- I caramelized some red onions while baking the yams. Camarmelizing onions takes forever, so I tend to speed it up with medium-heat intervals, and while they were taking forever, I sliced the bell peppers lengthwise and thinly. Then I threw them in the pan with the onions just as they were almost done.
- The yams, onions and bell peppers all had a good amount of oil on them, so once they were all done, I tossed all of it together and just added a little salt, pepper and a dash of white balsamic. After it cooled off in the fridge, it was terrific.
The tea was super easy and refreshing. I am not drinking much booze at the moment, but I bet alcohol would be really awesome in this. I am thinking vodka. No, gin. MMM.
I just brewed two bags in about two cups of boiling water, added a couple spoons of sugar to dissolve it (I only have demerera, shit takes forever to dissolve). Then I took this classy milk bottle, cut a lemon, stuck the slices in and added ice. Then I muddled the lemon by shaking the bottle. Added the tea, then filled it up with sparkling water. It needs to be fizzier, but still super refreshing.
It turned out to be a lovely time. & THANKS TO LEILA, LEAH AND SAM FOR BEING GREAT GUESTS!
Photographs from April 14th Brunch. My house, Portland, Oregon.
Lunch at St. Honore. Not a bad place at all. The food is always beautiful, the coffee is delicious, and I would eat a whole dozen of their almond friands if they weren’t $2.25 a piece. They are located a NW 24th and Thurman, right across the street from my work.
During my short cooking career I have run into quite a few snafus. I have boiled noodles to a starchy, mushy death. I have burnt nuts beyond recognition while trying to simply toast them. I have sliced fingers open, essentially pepper‐sprayed my kitchen crew, singed much of my eyebrows and lashes, and have accrued many curious burns on my arms. I have baked a mushy cornbread that no amount of time in the oven could revive. Pulling muscles, cutting ripe onions until I fainted (does anyone else get vertigo from this sometimes?), too salty, too spicy, too raw, too well‐done. It happens to everyone, BUT WHEN IT DOES, YOU WILL HEAR ABOUT IT.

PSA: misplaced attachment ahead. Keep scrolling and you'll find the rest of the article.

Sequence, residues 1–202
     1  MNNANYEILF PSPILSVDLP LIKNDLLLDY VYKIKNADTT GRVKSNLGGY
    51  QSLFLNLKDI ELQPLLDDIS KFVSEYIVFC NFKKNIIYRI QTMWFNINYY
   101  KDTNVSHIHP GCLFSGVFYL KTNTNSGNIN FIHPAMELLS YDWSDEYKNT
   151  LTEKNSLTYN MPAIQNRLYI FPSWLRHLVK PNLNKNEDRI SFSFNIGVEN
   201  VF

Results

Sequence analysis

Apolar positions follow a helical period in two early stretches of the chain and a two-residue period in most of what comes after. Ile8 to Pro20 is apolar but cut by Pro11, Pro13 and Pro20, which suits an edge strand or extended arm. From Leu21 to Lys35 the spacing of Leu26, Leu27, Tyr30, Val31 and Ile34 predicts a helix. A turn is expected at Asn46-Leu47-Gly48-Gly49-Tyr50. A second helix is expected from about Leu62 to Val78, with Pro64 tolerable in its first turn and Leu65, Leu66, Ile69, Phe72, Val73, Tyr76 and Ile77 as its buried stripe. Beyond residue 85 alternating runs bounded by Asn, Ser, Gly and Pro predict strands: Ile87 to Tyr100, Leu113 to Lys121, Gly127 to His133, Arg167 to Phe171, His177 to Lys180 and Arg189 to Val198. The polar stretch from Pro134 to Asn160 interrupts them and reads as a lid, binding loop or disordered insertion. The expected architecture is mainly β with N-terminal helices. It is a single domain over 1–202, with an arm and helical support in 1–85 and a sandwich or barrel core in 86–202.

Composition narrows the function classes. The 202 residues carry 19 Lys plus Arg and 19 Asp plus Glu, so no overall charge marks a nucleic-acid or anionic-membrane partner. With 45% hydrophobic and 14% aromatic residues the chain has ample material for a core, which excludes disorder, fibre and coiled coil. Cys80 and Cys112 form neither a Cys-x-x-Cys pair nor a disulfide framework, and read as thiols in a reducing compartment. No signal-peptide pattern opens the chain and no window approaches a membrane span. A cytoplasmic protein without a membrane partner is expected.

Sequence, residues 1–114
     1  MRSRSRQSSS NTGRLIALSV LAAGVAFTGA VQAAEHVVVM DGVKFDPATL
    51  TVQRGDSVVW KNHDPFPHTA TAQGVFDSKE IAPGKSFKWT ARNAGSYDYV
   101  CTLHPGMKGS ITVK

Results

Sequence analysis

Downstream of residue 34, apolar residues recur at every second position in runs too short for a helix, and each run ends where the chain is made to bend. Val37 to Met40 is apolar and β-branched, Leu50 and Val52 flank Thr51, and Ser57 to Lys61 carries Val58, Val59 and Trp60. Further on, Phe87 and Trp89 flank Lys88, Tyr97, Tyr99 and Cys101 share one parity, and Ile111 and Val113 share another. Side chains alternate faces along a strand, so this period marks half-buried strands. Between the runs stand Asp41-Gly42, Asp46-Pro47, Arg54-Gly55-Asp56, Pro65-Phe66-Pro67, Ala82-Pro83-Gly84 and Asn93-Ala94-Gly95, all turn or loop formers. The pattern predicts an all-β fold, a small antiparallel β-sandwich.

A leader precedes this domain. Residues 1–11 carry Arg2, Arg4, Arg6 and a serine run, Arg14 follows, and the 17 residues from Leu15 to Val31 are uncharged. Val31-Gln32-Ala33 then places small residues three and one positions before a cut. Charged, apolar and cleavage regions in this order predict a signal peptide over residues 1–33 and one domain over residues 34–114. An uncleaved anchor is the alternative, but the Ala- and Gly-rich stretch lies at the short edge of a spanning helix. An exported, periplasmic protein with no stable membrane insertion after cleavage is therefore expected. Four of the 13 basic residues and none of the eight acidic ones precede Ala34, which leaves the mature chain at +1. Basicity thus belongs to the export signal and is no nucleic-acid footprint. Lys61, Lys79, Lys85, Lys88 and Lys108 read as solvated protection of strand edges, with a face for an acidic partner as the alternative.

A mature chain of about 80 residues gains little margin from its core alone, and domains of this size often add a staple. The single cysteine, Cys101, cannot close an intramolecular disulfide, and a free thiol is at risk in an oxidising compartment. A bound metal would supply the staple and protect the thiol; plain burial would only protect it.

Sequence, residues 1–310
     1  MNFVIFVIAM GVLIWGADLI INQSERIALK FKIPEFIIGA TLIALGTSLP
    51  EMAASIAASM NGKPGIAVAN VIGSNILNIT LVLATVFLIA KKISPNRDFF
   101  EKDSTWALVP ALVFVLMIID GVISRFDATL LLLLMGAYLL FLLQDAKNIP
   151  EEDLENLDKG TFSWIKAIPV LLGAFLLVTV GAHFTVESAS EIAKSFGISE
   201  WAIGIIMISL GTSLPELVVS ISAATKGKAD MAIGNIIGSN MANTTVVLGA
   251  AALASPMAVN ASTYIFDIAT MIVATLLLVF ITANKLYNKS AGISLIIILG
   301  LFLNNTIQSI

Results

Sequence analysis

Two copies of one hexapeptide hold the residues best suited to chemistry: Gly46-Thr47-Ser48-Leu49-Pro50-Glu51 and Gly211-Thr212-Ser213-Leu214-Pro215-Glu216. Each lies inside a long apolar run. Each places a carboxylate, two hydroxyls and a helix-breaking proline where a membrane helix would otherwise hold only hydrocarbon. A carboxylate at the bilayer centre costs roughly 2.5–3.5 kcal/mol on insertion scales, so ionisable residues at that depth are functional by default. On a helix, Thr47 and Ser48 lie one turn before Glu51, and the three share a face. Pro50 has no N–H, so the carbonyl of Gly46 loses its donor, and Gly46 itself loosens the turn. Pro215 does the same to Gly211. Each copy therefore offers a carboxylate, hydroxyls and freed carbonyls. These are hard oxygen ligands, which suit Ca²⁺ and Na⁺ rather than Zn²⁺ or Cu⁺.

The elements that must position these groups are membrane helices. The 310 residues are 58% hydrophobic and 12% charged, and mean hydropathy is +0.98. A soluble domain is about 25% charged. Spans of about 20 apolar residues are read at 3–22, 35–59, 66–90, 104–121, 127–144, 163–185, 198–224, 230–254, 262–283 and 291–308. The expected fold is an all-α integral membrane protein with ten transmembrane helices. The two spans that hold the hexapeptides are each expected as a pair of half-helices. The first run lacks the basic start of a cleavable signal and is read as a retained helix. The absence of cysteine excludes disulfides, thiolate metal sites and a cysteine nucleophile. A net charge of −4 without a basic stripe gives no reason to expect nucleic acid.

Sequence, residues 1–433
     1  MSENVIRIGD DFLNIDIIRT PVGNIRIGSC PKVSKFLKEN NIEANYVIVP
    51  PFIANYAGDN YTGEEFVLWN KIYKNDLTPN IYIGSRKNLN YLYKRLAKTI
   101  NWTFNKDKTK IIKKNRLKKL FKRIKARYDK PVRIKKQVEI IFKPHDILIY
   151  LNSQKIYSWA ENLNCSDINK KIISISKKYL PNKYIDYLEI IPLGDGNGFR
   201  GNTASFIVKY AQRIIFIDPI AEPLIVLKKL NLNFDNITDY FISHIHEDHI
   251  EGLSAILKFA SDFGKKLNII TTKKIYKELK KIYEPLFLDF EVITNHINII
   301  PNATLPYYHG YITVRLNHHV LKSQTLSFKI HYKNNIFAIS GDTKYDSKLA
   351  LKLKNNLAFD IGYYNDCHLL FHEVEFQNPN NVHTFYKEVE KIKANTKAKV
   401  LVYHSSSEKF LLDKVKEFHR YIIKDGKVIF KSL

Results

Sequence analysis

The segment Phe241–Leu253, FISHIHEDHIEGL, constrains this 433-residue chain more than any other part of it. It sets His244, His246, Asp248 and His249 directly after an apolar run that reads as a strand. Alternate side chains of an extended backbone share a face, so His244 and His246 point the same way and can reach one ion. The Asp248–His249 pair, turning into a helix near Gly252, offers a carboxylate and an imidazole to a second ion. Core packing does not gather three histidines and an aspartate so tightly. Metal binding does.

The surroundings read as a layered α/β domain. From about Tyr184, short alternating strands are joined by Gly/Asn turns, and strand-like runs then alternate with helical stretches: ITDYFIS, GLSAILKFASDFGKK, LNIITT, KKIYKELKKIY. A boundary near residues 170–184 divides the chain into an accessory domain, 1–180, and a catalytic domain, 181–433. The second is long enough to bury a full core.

I now think of the burns as conversation pieces. It comes with the territory, as they say.
Personal injuries aside, the mistakes I really think about are not the ones that leave marks. Well, except for that one time I was sautéing onions in a pan that was much too hot with olive oil, and then added a ridiculous amount of cayenne by accident. I regret that because the whole kitchen crew looked like that girl in front of the Chase bank at Occupy. A reddish black plume of smoke filled our small work space, resulting in a hacking cough amongst the staff well into the next day. Sorry dudes.
I do not have many regrets, but I hate making mistakes and most of all, I hate owning up to them, despite how easily I make it look. Cooking has taught me much about acceptance in several hundred spectrums. I have learned that true mistakes, the ones you wish you could take back, were the ones you knew you could have changed so easily. A simple, clumsy turn of events. A back turned too long. Inexperience. An over‐inflated ego. Not paying enough attention, not giving enough love. And worst of all, being in a so much of a hurry that you fuck everything up.
Cooking takes time. Cooking takes focus, love and understanding. It needs creativity, your inner‐child and your inner‐adult at the same time. You need some math, some good reading skills. To take a step back and observe, but the ability to hop right in like you know exactly what your doing. Confidence is key, and bullshitting can only get you so far, take it from me. You cannot bullshit a bullshitter. My experiences and mistakes I would never take back, even if at the time I was sore about it and wished I could. In retrospect, my mistakes in the kitchen has taught me a lot about food and even can be applied to life itself. Had I never made them, I would not know what I know now. Embrace them. You will never forget it, and probably, never repeat the mistake again. This is experience. In fact, ten years down the line, I hope my future self will be reading this thinking, “Oh bitch, if you only knew.”